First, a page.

10 May 2021
In discussion with one of my friends who recently lost their dog to a tragic accident, the topic of ‘How do you remember your pet” came up.
Specifically – do you have them cremated? Do you keep the ashes? Do you spread the ashes? And then, of course, how much are you going to pay to have this reminder of them?
Confession time – I’m not a cremator. When our pets have died, I’ve worked on the theory that if they’re little enough to bury in the backyard, that’s where they go. If they were too big for this, then I made the request of the vet to deal with their remains for me. I did always, of course, promptly go out and buy a little garden ornament or statue to remind us of the deceased animal. I did not love my pets less by not wanting to have them cremated and the ashes returned to me. I was, always, very aware of the cost involved in this element, and didn’t really think it would add to or alleviate our grief at the passing of the pet.
But others do, and having their beloved pet present in whatever form, is important to them.
I’m a cheapskate griever.
When discussing with my bereaved friend the absolute myriad of options available to people who have made the choice to cremate their deceased pets, I got sidetracked telling them a story about the passing of one of my pets.
This big black cat was named Sam. He wasn’t our cat initially – we were looking after him while his owners lived overseas for a year. We already had another black and white cat named Rudi (actually his full name was Rudolph Norman Eric, but Rudi was much cheaper to put on his name tag), and they got along ok. Rudi was a very mild mannered fellow who got along with everyone, even Sam.
It eventuated that when his owners returned to Australia they were unable to have him back, so Sam became ours (and was promptly renamed Samuel Bimbam Bimbam Oolay Biscuitbarrel in honour of the occasion – but called Sam for short). We moved house a few times, and he and Rudi took these moves in their strides.
Now Sam was a bit of an outgoing lad – he was desexed, but that didn’t stop him prowling around the neighbourhood as if everyone in it was one of his subjects. He particularly enjoyed getting into a bit of a scruff with other cats on his prowls. By the time we got to our third house we lived in with him, his regular dust-ups in the neighbourhood were starting to get very problematic.
He would get into a fight, he would come home with a battle wound, which would develop an abscess, which would cost us a good amount of money to have surgically drained. When eventually his wound was healed, and he was finally allowed to venture outdoors again, within days it seemed like he would be straight into another fight, and the cycle started all over again.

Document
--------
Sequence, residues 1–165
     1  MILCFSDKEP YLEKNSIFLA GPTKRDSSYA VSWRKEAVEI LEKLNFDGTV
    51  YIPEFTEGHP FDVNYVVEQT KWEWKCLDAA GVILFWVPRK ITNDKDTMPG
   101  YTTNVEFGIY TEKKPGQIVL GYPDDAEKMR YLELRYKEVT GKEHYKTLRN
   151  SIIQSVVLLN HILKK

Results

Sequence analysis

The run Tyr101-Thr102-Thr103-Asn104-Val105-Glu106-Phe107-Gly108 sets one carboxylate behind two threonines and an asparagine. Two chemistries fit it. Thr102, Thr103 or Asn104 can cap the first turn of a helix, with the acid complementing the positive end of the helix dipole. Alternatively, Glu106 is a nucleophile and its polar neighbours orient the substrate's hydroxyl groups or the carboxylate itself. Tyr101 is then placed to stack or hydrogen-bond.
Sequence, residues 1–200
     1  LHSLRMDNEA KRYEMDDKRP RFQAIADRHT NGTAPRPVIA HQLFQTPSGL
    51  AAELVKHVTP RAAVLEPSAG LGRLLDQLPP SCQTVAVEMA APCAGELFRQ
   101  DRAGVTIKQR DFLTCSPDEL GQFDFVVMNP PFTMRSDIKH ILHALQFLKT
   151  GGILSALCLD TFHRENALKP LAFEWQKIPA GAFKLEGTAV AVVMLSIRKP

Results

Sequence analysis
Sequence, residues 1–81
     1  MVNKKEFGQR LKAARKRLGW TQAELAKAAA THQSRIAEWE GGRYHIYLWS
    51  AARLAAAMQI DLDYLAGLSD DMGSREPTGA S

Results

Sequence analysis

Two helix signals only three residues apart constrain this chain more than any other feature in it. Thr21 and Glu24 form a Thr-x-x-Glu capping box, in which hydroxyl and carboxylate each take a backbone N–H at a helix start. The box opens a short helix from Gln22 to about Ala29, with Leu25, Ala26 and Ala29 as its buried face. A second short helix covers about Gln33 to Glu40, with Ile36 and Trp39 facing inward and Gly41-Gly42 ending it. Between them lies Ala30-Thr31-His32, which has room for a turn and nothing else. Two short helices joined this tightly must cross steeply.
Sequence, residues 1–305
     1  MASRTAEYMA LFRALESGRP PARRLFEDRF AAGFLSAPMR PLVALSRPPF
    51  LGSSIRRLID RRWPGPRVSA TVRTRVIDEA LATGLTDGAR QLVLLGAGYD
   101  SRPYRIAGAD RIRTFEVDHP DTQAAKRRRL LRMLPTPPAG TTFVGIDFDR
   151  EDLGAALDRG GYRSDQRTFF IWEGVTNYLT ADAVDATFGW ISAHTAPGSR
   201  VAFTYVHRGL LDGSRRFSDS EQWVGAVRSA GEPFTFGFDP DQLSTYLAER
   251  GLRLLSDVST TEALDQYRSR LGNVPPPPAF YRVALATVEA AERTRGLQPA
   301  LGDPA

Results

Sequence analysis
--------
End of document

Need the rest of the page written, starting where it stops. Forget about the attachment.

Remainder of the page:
Each time, we gritted our teeth, paid the vet who was probably eyeing off a new BMW just on our proceeds alone, and put up with it. It was, however, causing us more than a few financial issues.
Eventually, long after the vet had his new car and his home renovations sorted, and Sam had been in a doozy of a fight with multiple big wounds, the vet said to me that I really only had two options, when and if Sam ever recovered from this latest event. Either I had to keep the cat indoors 24/7 (which would be a very bit struggle for a very determined cat)….. or I could move house.
I chose a third option, and Sam’s fighting days finished.
Because I’m not totally a cold hearted b***ch, and Sam wasn’t overly huge, I dug a lovely grave for him outside my laundry door, in my beautiful fern garden. It was a lovely final resting place.
A little over a year later, I had a problem with my hot water system. My father-in-law was fortunately a plumber, and came to investigate what the issue was. He discovered a leaking copper pipe in my fern garden. A copper pipe that was lying deep in the ground – beneath the decomposing cat. The acid from which, corroded the copper pipe.
Which was very expensive to fix.
Sam had the last laugh after all.
However you chose to immortalise your lost four legged friends – whether as a pretty garden ornament, as cremains in an artistic urn, scattered at the park, buried beneath the gum tree, or happily ensconced above copper pipes in your fern garden….. it’s gonna cost you somehow.